Talking, Keeping and Downloading Books

Liz Strauss has turned on the comments-microphone on within her latest article, allowing her readers to ‘chat’ about subjects of interest.

Comments vs Chat Line

I often find online-chatting s more about networking than actual conversation. I also find that long-winded responses are often too-late because the conversation can change so quickly in this medium.

Therefore I choose to put my thoughts as one article upon my journal.
The comment I contributed is a shortened version of this article.

Why Take This Step?

The advantage is so I can cross link back to comments within the original conversation, and to external links of interest that enhance the article, plus I can cover all bases of interest.

Whilst others are giving their greetings and salutations, I can write/type (at 60wpm) my story, proofread the content, check for spelling, rearrange the paragraph settings, insert an appropriate image, and hey-presto, I’m done.

The subject today/tonight is ‘eBooks’.

I’ve only occasionally read this style of book. As most have discovered, Google have a collection of eBooks (that interest me) available to scroll through with the flick of a finger.

But I rarely read online. I find the whole process quite tedious and time consuming.

Which explains why I purchased the last ebook I had the good fortune to find. Yes, I convinced the author to put the book onto a book-selling online service (in this case, Lulu.com) and allow me to purchase it.

Sound weird to you? Why buy something when it’s freely available? Let me put this into perspective for you:

Historic Words

A hundred years ago the only form of communication was books. There was no internet, no text-message on little metal devices that everyone carried around. The only method of transferring information easily was in the form of the hand-written word. Penmanship printed on paper.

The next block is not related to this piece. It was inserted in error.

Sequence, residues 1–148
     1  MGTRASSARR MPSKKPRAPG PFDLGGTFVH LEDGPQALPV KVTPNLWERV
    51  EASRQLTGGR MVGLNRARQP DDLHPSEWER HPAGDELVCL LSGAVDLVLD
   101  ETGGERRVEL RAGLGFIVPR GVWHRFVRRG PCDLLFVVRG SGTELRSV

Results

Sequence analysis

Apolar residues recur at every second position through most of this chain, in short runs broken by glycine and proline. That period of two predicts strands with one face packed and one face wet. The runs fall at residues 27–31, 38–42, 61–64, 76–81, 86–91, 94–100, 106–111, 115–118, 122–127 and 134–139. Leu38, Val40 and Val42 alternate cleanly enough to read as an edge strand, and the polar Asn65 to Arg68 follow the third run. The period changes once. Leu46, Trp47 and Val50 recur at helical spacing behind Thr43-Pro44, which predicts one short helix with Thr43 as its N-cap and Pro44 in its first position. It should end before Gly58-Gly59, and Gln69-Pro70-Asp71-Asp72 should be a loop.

And it worked. Successfully. It wasn’t until the last thirty-something years that the whole ‘paperless society‘ became a conscious thought, and ‘carbon footprint reduction‘ has only just become a house-hold statement.

I agree with the idea that we reduce the amount of paper used … but nothing should stop a person from printing a book.

U2 Books

Secondly, books are far easier to transport than a electronic reading device. Thirdly, I find the dog-eared book is less likely to break when I heave my bag around on public transport. Fourthly, I can freely give a book to any friend without concern of how it will be returned to me. (Or if ever!)

Whereas a downloaded eBook to my PDA(read: Apple iPod Touch) cannot be left to tumble around in my backpack, nor will I simply hand it over to someone to read a book I downloaded. No, I’d have to find a way to download it to their computer or electronic-device. Whilst I am of the generation that can upload/transfer/email information quickly and easily, it’s often a migraine to teach people this.

I Purchased a Free Download!

Recently I found an eBook of interest. I read through a few chapters online, slowly wearing out my eyesight. Has anyone else noticed that staring at a monitor reduces your blink-rate? Yes, that’s right, you don’t blink as often! Consequently, the human eye ‘dries out’ quicker. Blinking, as I understand the principle, allows our eyes to ‘wet’ themselves, thereby allowing free eyeball movement against the skin it’s held within. A nifty little human evolutionary trick!

Upon noticing that the Author of the book had a comments area for suggesting either changes or ideas, I took the liberty to ask if the book was available to purchase. Apparently it was not, but he had seriously considered the option.

I indicated that if it were, I would purchase it at the next available opportunity.

Within one week I had a response that he had discovered Lulu.com, and that I could make my purchase.

A few days later I became the proud new owner of Mortal Ghost by L.Lee Lowe. Want to download the free version? Yes, you can!

Less Paper, Less Society

Whilst I believe eBooks have a place in our society and they are the way of the future, they should never become the only option.

Real paper-back books need to be part of the future, allowing future generations to remember where it all began, to know what a print-press is, to know how to hand-write information, plus to enjoy the fun of giving someone a book as a gift that they can cherish, read any time, and then pass onto the next generation.

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